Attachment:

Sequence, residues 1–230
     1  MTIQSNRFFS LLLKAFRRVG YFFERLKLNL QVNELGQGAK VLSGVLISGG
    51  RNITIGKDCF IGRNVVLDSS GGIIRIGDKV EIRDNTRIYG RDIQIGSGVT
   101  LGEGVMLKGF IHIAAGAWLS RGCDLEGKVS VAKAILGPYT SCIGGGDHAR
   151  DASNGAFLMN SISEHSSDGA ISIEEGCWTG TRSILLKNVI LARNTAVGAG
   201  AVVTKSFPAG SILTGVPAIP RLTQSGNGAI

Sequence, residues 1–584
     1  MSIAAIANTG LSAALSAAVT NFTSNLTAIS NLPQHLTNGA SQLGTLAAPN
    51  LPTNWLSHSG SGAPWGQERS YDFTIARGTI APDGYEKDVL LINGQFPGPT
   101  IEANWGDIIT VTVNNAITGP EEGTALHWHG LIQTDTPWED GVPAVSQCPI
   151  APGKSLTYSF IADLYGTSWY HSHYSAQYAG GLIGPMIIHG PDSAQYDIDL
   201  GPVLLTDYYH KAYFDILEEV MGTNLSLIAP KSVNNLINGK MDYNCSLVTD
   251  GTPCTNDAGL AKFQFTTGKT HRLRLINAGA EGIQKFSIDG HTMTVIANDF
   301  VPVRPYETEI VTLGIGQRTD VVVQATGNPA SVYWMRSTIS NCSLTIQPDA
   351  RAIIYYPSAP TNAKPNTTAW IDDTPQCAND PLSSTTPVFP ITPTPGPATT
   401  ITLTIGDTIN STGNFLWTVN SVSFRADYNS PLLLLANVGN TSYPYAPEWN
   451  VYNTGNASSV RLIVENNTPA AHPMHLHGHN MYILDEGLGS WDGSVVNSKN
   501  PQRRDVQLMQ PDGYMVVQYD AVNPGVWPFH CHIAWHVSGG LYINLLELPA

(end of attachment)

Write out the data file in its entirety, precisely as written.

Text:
Sequence, residues 1–230
     1  MTIQSNRFFS LLLKAFRRVG YFFERLKLNL QVNELGQGAK VLSGVLISGG
    51  RNITIGKDCF IGRNVVLDSS GGIIRIGDKV EIRDNTRIYG RDIQIGSGVT
   101  LGEGVMLKGF IHIAAGAWLS RGCDLEGKVS VAKAILGPYT SCIGGGDHAR
   151  DASNGAFLMN SISEHSSDGA ISIEEGCWTG TRSILLKNVI LARNTAVGAG
   201  AVVTKSFPAG SILTGVPAIP RLTQSGNGAI

Sequence, residues 1–584
     1  MSIAAIANTG LSAALSAAVT NFTSNLTAIS NLPQHLTNGA SQLGTLAAPN
    51  LPTNWLSHSG SGAPWGQERS YDFTIARGTI APDGYEKDVL LINGQFPGPT
   101  IEANWGDIIT VTVNNAITGP EEGTALHWHG LIQTDTPWED GVPAVSQCPI
   151  APGKSLTYSF IADLYGTSWY HSHYSAQYAG GLIGPMIIHG PDSAQYDIDL
   201  GPVLLTDYYH KAYFDILEEV MGTNLSLIAP KSVNNLINGK MDYNCSLVTD
   251  GTPCTNDAGL AKFQFTTGKT HRLRLINAGA EGIQKFSIDG HTMTVIANDF
   301  VPVRPYETEI VTLGIGQRTD VVVQATGNPA SVYWMRSTIS NCSLTIQPDA
   351  RAIIYYPSAP TNAKPNTTAW IDDTPQCAND PLSSTTPVFP ITPTPGPATT
   401  ITLTIGDTIN STGNFLWTVN SVSFRADYNS PLLLLANVGN TSYPYAPEWN
   451  VYNTGNASSV RLIVENNTPA AHPMHLHGHN MYILDEGLGS WDGSVVNSKN
   501  PQRRDVQLMQ PDGYMVVQYD AVNPGVWPFH CHIAWHVSGG LYINLLELPA